And yet with the new millennium, the most sought-after sideman has been working non-stop as a leader, burning epoch-making albums. Starting with those cut in New York, like Lyla (The Night, in Hebrew), and Gently Disturbed, as the thundering trio's pinnacle; and the two latest on the Blue Note label, Aurora and Seven Seas recorded when he returned to Israel. Digging into a new groove, a kind of chamber classical jazz folk, these two albums broke with the past in a career that seemed to be written in the stars. Avishai Cohen dares to change his step with this record that favours a double bass-piano formula. "Surprise is a crucial element of life and creative flair. For as long as I can play music, this sense of freedom will guide me. In a duo or a quintet, whatever, it's me. And in this duo, there's a bit of both of them: Nitai is more than just a partner. You see, this musician who came to learn, taught me a lot. He is part of this generation that's always hooked up. Yet at the same time he already has the wisdom to step back and distance himself from the slew of information. Believe me, he's rare!"
After sharing for several months, they have built their very own sound. "We established a common language, in which to hold free-ranging, accomplished conversation. Shared sentiments, on the tracks, cut in a day, live, on the first or second take. Likewise, we chose the entire repertory together, just the two of us. It's the product of a dialogue with no holds barred, where we experimented without putting any pressure on. We play for pleasure. Like on Cole Porter's All Of You. This balance shines through the programme with its taste for classics and venturing out into the unknown."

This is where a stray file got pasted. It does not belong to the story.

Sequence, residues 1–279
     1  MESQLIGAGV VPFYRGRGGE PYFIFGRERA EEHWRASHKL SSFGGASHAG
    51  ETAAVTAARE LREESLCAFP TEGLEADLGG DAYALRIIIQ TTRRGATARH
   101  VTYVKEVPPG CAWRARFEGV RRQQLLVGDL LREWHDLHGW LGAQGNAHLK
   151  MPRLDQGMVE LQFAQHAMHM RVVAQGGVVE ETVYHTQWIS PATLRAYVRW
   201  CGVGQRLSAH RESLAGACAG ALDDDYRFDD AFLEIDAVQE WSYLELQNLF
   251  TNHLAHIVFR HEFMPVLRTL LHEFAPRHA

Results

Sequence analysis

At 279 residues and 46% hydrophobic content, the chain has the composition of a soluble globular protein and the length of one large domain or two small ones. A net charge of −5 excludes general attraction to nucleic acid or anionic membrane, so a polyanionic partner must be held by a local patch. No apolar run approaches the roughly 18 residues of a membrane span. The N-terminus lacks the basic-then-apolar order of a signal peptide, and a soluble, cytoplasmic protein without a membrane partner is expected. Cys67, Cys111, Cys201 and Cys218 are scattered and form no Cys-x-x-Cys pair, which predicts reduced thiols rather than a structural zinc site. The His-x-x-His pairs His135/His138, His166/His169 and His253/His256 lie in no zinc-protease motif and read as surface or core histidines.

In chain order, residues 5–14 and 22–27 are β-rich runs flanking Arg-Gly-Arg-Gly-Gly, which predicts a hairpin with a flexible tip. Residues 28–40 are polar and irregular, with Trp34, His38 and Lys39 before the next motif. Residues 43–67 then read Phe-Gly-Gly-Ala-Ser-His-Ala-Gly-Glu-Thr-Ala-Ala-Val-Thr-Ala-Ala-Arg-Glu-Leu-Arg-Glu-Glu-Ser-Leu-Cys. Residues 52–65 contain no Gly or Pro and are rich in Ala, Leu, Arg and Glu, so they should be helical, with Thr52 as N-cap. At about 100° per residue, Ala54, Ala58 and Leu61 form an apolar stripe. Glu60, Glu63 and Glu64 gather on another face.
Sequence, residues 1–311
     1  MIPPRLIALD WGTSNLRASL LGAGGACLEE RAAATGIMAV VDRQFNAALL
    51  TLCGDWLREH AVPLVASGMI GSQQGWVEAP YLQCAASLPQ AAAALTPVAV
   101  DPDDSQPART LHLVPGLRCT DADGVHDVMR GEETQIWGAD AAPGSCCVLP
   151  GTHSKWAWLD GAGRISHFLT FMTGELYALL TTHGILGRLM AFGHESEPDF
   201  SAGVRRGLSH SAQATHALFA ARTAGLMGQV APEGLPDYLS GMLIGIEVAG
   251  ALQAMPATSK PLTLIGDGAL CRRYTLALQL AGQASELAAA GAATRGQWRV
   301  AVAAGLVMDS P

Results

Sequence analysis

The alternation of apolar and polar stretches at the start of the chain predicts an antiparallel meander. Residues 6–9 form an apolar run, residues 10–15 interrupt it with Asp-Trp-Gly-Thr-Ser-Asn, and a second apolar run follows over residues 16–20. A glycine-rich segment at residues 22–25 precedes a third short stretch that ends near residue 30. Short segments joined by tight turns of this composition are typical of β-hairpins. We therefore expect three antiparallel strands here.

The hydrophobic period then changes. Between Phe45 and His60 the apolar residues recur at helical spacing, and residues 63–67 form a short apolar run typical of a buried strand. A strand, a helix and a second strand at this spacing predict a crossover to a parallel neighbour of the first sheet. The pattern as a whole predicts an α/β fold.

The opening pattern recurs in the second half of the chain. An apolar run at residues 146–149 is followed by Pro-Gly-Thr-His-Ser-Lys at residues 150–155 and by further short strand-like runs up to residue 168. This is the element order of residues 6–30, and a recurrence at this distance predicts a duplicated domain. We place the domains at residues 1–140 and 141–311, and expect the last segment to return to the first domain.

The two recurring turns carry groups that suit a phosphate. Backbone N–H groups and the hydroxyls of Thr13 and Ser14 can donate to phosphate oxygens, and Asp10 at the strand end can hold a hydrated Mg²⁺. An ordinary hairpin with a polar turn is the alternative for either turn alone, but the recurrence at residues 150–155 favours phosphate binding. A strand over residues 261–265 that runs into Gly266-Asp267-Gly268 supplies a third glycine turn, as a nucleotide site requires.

They get through three standards including an original take on Criss Cross by Monk, one of Avishai's favourite composers. That's the crunch. “To cut it, we really needed to find our own twist on it. The piano in fact accompanies my double bass.” In the end, it sounds like Avishai Cohen, then you perceive Monk. They have also covered three themes like Ann's Tune written ten years ago, and Calm, which features on Continuo and gets totally transfigured. Furthermore, Avishai also penned three new compositions: Signature, which right down to its title sets the stage for the record, Soof, and last but not least, Ballad for an Unborn, a piano solo that wraps the record up. Avishai is on the stool: "I've been doing it for years. During this session, I was thinking of the atmosphere in Mingus Plays Piano, one of my all-time influences. At the time (1963), the great Charles had just hit 40." Like Avishai when he cut this record that smacks of a good old-fashioned LP. 35 minutes of music in all: like one of his favourite albums, featuring Paco De Lucia and Camaron de la Isla. Less is more is back.
“With jazz especially, the older you get the better you put your finger on it. You play fewer notes but project your voice further. Once it's all there, you have to go for your options, erase, to hone the message. This duo illustrates this perfectly. We just recorded our expressions, without any artefacts or acting the virtuoso. Talking with our hearts, not our fingers."
Message received loud and clear.
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"Avishai Cohen with Strings"